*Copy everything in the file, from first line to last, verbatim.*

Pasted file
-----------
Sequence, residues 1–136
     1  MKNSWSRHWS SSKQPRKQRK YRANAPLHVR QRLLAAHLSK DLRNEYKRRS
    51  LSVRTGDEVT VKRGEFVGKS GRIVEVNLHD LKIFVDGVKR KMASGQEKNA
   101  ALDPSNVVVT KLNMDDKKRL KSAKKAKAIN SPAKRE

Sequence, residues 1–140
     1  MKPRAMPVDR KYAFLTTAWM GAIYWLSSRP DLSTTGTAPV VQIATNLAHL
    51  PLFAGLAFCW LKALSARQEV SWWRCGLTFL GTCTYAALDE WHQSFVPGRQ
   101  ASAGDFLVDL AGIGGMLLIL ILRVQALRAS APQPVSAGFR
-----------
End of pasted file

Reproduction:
Sequence, residues 1–136
     1  MKNSWSRHWS SSKQPRKQRK YRANAPLHVR QRLLAAHLSK DLRNEYKRRS
    51  LSVRTGDEVT VKRGEFVGKS GRIVEVNLHD LKIFVDGVKR KMASGQEKNA
   101  ALDPSNVVVT KLNMDDKKRL KSAKKAKAIN SPAKRE

Sequence, residues 1–140
     1  MKPRAMPVDR KYAFLTTAWM GAIYWLSSRP DLSTTGTAPV VQIATNLAHL
    51  PLFAGLAFCW LKALSARQEV SWWRCGLTFL GTCTYAALDE WHQSFVPGRQ
   101  ASAGDFLVDL AGIGGMLLIL ILRVQALRAS APQPVSAGFR